Civil War Barons: The Tycoons, Entrepreneurs, Inventors and Visionaries Who Forged Victory and Shaped a Nation by Jeffry D. Wert. DaCapo, 2018. Cloth, ISBN: 978-0306825125. $30.00.
Jeffry D. Wert is perhaps best known to readers of Civil War history as a chronicler of battles and leaders. For his latest book, however, Wert has turned his keen biographer’s eye to the stories of nineteen “Civil War barons,” whose industrial fortunes and futures were yoked to the outcome of the conflict. The result offers plenty for historians to consider about how wars change economies and how the Civil War accelerated American capitalist development. The book also provides interesting stories of ordinary Americans whose lives were altered by a war in which they never donned a uniform. Wert’s narrative demonstrates that a history of the Civil War can explore sweeping change without losing sight of the individuals whose actions accelerated those transformations.
Civil War Barons is arranged thematically, with each of the ten main chapters following a pair of entrepreneurs and industrialists. In chapter five, for example, Wert looks at “The Improvisers,” Robert P. Parrott and Christopher Miner Spencer, men whose names would become attached to technological innovations in artillery and shoulder weapons. While the war pushed Spencer and Parrott to innovate and rewarded their inventiveness, Wert shows how much work was involved in selling the idea of a reinforced cannon breach or a repeating rifle. Spencer went as far as calling on Abraham Lincoln at the White House to secure a War Department contract after being turned down by that department chief, Edwin M. Stanton. Lincoln was so impressed with Spencer’s rifle and his shooting that he ordered the War Department to purchase several thousand of his carbines—saving Spencer’s manufacturing firm and livelihood in the process. Wert’s monograph features many enjoyable vignettes such as Spencer’s and Lincoln’s shooting match.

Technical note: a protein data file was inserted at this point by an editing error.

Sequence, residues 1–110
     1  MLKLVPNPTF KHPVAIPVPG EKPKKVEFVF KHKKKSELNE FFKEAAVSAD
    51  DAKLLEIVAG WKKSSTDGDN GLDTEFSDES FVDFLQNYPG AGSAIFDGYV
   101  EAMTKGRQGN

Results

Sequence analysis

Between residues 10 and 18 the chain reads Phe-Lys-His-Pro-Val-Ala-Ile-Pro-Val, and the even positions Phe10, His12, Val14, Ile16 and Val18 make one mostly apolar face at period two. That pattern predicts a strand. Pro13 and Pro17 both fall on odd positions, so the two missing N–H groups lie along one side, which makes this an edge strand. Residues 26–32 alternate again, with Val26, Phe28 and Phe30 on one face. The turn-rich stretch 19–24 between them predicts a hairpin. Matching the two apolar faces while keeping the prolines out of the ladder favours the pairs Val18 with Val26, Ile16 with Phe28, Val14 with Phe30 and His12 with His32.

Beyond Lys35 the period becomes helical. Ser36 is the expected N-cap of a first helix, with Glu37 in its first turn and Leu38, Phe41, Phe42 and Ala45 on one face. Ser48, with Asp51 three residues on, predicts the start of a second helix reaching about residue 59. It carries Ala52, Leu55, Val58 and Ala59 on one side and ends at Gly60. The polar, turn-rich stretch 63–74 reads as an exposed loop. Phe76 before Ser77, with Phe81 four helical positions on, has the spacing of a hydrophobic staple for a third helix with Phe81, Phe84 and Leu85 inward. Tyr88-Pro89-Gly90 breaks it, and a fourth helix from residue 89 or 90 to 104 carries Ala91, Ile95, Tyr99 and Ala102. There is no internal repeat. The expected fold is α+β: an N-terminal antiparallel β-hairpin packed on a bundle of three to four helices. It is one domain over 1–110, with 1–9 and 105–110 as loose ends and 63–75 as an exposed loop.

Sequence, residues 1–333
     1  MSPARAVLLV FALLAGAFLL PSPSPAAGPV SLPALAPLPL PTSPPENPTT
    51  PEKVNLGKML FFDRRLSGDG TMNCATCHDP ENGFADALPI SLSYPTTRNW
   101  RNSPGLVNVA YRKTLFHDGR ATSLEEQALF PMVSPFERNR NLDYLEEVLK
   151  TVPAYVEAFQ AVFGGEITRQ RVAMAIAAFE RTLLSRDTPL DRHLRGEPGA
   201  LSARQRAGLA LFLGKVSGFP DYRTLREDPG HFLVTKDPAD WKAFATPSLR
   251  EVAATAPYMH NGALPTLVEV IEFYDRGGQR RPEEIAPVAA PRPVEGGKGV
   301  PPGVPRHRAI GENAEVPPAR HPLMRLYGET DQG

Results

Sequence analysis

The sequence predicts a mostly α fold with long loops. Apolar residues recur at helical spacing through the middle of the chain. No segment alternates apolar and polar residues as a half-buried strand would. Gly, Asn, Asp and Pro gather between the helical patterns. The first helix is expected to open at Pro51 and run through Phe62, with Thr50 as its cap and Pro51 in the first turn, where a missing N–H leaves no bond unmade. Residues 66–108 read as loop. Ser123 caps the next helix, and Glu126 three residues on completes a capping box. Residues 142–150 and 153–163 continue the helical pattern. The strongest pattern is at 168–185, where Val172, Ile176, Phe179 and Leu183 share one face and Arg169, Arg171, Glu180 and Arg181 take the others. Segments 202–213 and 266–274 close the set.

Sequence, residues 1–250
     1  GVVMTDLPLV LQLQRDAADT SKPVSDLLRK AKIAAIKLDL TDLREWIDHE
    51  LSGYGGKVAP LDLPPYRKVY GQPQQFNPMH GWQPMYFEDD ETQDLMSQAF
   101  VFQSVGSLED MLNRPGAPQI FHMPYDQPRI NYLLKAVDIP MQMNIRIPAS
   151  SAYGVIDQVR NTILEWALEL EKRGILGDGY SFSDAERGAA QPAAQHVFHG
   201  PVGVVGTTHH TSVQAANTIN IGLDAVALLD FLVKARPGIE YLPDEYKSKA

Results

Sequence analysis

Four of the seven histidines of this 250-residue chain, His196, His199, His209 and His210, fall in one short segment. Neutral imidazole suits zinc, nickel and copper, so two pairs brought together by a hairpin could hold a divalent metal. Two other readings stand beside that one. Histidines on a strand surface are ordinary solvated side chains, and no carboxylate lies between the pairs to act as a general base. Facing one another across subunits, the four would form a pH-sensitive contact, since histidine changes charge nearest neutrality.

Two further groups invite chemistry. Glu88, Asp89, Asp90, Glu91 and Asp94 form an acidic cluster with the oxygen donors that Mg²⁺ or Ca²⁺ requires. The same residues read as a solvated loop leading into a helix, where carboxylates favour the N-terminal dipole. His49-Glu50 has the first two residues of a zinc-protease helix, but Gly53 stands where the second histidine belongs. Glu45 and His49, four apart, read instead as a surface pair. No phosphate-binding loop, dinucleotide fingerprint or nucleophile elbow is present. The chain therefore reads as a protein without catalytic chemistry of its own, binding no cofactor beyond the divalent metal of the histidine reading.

The book includes a nice balance of well-known and less obvious characters. While John Deere, Cyrus McCormick, Cornelius Vanderbilt, and the Studebaker brothers and their accomplishments are familiar to many Americans, Wert shines equal light on men such as the industrialist Henry Burden (who developed a method to produce 60 horseshoes per minute), the inventor Gordon McKay (who patented a machine to sew soles to shoes), and the engineer J. Edgar Thomson (the architect of the Pennsylvania Railroad). In discussing these innovators, Wert encourages readers to think about the various industries and products that developed hand-in-hand with a war featuring nearly two million men in blue uniforms. Men needed trains to get where they were going, shoes to wear on the march, and horses to pull the artillery and baggage necessary for a campaign. In a literature so focused on the deeds of those soldiers, Wert offers a refreshing reminder of the vast network that enabled their victory.
Chapters dealing with Wert’s nineteen innovators consume about two hundred pages of text. Each individual, therefore, receives 10-12 pages for their story. These short biographies should appeal to any reader who wants to avoid being bogged down with overwhelming financial and economic details or the minutia of weapons development or machinery. They are also perfect for use with students at any level, who should find the writing and presentation of these men’s lives very accessible. For readers wanting a more cohesive statement of how these men collectively changed the conduct and outcomes of the Civil War, Wert’s book will be less satisfying.
Wert’s skill in weaving together historical argument and satisfying narrative are on full display in Civil War Barons. Combining good research and accessible writing, it provides a quick and easy reference for many wartime innovations and industrialists. Academic historians might well add this work to their shelves, as should any reader interested in a true behind-the-scenes look at the mechanics of making war. In the end, Wert’s characters are models of Abraham Lincoln and the Republican Party’s vision of a free labor republic that rewarded persistent pursuit of economic betterment and innovation. And while Wert only deals with these men during the Civil War era, their innovations continue to shape our lives. Their stories are just one small part of the grand narrative of the Civil War, but as Wert ably shows, they are worth telling.
Cecily Zander is a Ph.D. student in the Department of History at Pennsylvania State University.